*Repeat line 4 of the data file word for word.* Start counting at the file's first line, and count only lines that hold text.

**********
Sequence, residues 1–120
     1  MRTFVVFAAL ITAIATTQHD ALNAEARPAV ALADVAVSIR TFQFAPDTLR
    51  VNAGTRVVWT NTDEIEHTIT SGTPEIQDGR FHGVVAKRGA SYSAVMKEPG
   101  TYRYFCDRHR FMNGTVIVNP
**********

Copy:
   101  TYRYFCDRHR FMNGTVIVNP